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PV on power line side of gateway?

I currently have 26 solar panels generating 6kw. I’ve added a new Tesla vehicle, and am ordering a new 9 panel system generating 2.6kw, and a Powerwall.

The designer is suggesting that the new battery be installed on a sub panel with the house, existing PV system, and car charger. They are recommending putting the new PV system on the power line side of the gateway, in order to keep the maximum load from the PV below 7.6kw for the single Powerwall.

Under normal operations, this seems fine, but if we lose grid power, we’ll also lose power from the second system.

Is it possible/desirable to provide some way to utilize the power from the second system during a grid failure without overloading the Powerwall?

We typically feed power into the grid during the day, unless I’m charging the car, in which case I’m drawing power from it.

Does the gateway interact with the Tesla home connector to set the appropriate charging rate depending on available PV energy?

Are the tools in the Tesla app sufficient to monitor charging versus grid power if one of the PV systems is on the line side of the gateway?
 

arnolddeleon

Active Member
Supporting Member
Jul 21, 2012
1,041
1,123
SF Bay Area
I would put both PV systems behind the Powerwall. Worst case is you have to manually turn one of your PV systems.

If you have production and load data from your existing system you can probably predict how likely you are to produce more power than the Powerwall and your loads can absorb.

Your new PV system will likely respond to power curtailment signals from the Powerwall anyway. With some luck, your old system could also respond to the frequency shifts that the Powerwall uses to signal generators to lower production (and eventually shut it down).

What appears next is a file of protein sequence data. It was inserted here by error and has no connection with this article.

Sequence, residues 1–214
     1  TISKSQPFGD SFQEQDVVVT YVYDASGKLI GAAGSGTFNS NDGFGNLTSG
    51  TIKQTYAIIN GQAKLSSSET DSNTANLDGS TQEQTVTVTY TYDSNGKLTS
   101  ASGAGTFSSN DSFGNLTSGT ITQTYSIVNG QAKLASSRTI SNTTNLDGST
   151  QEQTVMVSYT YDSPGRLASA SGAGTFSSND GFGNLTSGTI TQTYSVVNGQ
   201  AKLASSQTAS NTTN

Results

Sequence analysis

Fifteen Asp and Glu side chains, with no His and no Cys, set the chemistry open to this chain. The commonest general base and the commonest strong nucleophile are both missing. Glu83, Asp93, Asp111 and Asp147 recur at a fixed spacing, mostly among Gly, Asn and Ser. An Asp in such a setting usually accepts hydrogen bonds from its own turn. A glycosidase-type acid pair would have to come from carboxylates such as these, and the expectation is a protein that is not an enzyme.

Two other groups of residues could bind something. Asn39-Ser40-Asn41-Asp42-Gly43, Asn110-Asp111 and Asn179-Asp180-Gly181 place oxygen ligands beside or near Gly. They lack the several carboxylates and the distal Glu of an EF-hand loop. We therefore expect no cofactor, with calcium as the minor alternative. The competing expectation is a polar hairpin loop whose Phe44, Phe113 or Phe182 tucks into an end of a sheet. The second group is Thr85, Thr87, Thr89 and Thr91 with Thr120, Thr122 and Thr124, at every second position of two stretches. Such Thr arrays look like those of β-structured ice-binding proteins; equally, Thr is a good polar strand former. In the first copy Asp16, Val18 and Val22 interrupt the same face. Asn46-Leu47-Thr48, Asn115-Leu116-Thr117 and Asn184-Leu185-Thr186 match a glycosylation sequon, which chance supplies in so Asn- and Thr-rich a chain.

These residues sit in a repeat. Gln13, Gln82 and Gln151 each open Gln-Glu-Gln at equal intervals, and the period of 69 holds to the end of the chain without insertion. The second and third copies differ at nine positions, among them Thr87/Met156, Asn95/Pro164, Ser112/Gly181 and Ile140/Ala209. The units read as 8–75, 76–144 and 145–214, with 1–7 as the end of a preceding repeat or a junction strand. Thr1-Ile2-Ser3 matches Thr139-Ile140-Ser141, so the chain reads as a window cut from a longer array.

I'm dealing with a similar situation. I'm adding extra PV to a system with PV and 1 PW. The installer (not Tesla) quoted the "max 7.6KW per PW" at me and initially refused to design it that way, but eventually I got them to agree - with a waiver that I know what I'm doing if it needs to shut itself down in the middle of a summer day if the grid goes down.
Installation is today!
 
I currently have 26 solar panels generating 6kw. I’ve added a new Tesla vehicle, and am ordering a new 9 panel system generating 2.6kw, and a Powerwall.

The designer is suggesting that the new battery be installed on a sub panel with the house, existing PV system, and car charger. They are recommending putting the new PV system on the power line side of the gateway, in order to keep the maximum load from the PV below 7.6kw for the single Powerwall.

Under normal operations, this seems fine, but if we lose grid power, we’ll also lose power from the second system.

Is it possible/desirable to provide some way to utilize the power from the second system during a grid failure without overloading the Powerwall?

We typically feed power into the grid during the day, unless I’m charging the car, in which case I’m drawing power from it.

Does the gateway interact with the Tesla home connector to set the appropriate charging rate depending on available PV energy?

Are the tools in the Tesla app sufficient to monitor charging versus grid power if one of the PV systems is on the line side of the gateway?
What inverters do you have on the existing system?

I generally agree that if you are comfortable with manually turning PV strings off, that you put all the PV on the backup side.
 
The new system is supposed to use IQ7PLUS-72-2-US inverters. That’s the only one I’d need to take offline in the event of a surplus of solar energy.
In the event of an outage and if you had a condition of too much PV and too little ability to use it through Powerwall and house loads, then control of any of the PV is as good as the other. Manual control works but it is inferior to the partial curtailment that the Powerwall makes possible.

Your older PV is the larger system and depending on the grid profile of the old system depends whether this PV can be partially curtailed. If 20% of your system responds to the frequency shift, that's really not ideal and Tesla might not adjust the frequency down from 65 hz to the more appropriate 62-63 hz.

Your newer IQ inverters will respond to this 62-63 hz signal, so it's a matter of getting the old inverter's on the same page, which is why I asked what model the old inverters were.